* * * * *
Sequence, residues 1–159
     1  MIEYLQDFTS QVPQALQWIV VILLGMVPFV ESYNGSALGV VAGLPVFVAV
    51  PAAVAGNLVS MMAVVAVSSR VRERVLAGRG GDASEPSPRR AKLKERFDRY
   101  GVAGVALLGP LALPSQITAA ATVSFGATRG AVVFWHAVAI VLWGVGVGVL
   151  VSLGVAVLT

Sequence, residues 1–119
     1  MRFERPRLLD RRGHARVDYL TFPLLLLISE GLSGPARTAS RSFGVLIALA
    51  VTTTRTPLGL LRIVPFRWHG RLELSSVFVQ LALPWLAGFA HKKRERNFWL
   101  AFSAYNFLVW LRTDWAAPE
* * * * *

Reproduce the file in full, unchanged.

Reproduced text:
Sequence, residues 1–159
     1  MIEYLQDFTS QVPQALQWIV VILLGMVPFV ESYNGSALGV VAGLPVFVAV
    51  PAAVAGNLVS MMAVVAVSSR VRERVLAGRG GDASEPSPRR AKLKERFDRY
   101  GVAGVALLGP LALPSQITAA ATVSFGATRG AVVFWHAVAI VLWGVGVGVL
   151  VSLGVAVLT

Sequence, residues 1–119
     1  MRFERPRLLD RRGHARVDYL TFPLLLLISE GLSGPARTAS RSFGVLIALA
    51  VTTTRTPLGL LRIVPFRWHG RLELSSVFVQ LALPWLAGFA HKKRERNFWL
   101  AFSAYNFLVW LRTDWAAPE